Instead, “The Lord Our Righteousness” speaks of the imputed righteousness of justification. To impute means to reckon to one’s account. It is a legal or accounting term. In our justification, Christ’s righteousness is made over to our account as belonging to us. Thus God the judge declares us righteous. This is our legal standing because Jesus is “The Lord Our Righteousness.”

Here are four simple proofs that “The Lord Our Righteousness” refers to the imputed righteousness of justification. First, we note the similarity between this name for our Saviour and “the righteousness of God” (Rom. 1:17; 3:21-22; 10:3; II Cor. 5:21; II Pet. 1:1; cf. Phil. 3:9), a key phrase in the biblical teaching regarding justification. Both “The Lord Our Righteousness” and “the righteousness of God” speak of righteousness, a divine righteousness and a divine righteousness that is ours, because “the righteousness of God” is graciously imputed to us and received by us through faith alone.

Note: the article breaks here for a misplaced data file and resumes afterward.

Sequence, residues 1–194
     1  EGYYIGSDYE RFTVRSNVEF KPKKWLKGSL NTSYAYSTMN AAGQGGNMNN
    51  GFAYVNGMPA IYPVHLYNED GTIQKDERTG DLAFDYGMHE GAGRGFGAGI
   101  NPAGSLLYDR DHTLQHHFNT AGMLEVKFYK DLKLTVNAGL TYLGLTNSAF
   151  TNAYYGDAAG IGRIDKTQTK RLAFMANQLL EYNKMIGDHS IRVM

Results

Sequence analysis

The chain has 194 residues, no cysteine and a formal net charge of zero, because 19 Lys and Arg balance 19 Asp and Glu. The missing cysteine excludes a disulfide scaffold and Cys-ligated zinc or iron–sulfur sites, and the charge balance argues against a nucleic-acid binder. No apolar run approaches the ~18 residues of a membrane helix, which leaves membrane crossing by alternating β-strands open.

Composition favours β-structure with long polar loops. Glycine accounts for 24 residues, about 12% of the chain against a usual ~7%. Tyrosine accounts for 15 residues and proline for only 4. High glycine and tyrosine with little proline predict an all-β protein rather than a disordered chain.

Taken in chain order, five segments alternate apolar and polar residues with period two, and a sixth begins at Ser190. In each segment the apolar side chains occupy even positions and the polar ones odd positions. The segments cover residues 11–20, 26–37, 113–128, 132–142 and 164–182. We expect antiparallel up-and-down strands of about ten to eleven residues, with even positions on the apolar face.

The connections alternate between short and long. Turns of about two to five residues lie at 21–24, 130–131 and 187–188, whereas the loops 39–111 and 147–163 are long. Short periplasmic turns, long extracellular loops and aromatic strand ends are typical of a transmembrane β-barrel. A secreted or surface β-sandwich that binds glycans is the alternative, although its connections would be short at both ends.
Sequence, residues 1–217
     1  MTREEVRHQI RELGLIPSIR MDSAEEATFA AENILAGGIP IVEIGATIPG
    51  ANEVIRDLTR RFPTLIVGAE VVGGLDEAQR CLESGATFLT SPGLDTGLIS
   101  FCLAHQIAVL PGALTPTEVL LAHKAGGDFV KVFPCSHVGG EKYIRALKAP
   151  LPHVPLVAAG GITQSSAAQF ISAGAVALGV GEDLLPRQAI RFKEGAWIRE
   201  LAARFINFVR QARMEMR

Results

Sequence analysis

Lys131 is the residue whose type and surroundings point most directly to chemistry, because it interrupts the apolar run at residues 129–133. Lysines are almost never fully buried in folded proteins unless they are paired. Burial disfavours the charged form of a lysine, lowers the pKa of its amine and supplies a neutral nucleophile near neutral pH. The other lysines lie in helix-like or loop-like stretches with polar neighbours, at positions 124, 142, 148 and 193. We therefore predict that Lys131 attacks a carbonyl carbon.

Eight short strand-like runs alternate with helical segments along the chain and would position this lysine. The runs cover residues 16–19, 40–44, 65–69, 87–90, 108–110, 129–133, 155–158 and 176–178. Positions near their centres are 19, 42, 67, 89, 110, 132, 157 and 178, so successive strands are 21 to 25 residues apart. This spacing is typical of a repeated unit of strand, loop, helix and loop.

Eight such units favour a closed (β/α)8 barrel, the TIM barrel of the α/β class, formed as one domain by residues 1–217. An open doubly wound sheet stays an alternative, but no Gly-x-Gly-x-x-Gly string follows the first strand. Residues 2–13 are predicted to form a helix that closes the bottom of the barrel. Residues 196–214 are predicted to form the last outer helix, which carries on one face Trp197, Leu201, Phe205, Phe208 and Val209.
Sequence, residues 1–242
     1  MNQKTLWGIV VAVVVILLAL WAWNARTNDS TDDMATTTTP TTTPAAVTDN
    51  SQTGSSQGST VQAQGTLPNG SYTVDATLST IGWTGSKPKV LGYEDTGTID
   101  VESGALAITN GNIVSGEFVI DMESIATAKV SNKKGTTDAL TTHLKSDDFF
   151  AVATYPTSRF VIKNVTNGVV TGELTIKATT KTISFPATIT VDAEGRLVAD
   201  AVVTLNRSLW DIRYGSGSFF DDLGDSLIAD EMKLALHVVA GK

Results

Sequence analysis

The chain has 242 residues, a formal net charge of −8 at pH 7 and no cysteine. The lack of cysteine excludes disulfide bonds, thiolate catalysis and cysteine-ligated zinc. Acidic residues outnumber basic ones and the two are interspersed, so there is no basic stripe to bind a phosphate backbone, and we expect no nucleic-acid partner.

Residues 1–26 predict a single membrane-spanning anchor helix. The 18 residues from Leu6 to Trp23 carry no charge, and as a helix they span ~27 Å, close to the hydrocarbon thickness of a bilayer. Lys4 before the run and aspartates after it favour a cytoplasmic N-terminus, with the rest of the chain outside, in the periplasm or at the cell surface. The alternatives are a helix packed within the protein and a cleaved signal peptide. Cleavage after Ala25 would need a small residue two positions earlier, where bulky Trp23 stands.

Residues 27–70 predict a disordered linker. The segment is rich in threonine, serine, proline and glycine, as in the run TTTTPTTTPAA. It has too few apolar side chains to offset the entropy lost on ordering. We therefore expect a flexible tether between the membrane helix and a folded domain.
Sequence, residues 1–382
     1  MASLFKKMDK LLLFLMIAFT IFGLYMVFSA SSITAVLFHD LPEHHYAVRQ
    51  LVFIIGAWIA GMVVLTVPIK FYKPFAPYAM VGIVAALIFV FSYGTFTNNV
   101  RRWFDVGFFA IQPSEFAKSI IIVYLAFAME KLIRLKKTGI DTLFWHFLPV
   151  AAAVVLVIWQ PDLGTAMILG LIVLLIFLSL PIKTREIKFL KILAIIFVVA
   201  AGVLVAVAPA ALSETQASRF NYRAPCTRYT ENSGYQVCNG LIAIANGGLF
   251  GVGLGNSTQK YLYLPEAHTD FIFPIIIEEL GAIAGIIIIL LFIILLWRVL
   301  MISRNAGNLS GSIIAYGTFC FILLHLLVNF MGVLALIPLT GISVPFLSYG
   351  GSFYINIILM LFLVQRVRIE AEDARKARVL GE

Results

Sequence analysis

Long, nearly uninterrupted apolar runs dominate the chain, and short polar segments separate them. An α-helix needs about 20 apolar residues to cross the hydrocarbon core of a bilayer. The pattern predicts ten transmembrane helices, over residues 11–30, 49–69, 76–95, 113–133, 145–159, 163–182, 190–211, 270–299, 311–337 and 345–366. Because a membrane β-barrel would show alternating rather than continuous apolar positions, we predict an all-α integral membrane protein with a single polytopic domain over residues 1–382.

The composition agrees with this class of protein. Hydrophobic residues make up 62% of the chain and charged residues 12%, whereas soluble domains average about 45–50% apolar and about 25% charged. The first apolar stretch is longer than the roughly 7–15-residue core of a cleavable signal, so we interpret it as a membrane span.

Second, II Corinthians 5:21 explains how Jesus is “The Lord Our Righteousness”: “For he [i.e., God] hath made him [i.e., Christ] to be sin for us, who knew no sin; that we might be made the righteousness of God in him.”

Likewise, third, I Corinthians 1:30’s statement that “Christ … is made unto us … righteousness,” that is, righteousness in justification, gives the reason why the incarnate, obedient, crucified and risen Son of God is called “The Lord Our Righteousness.”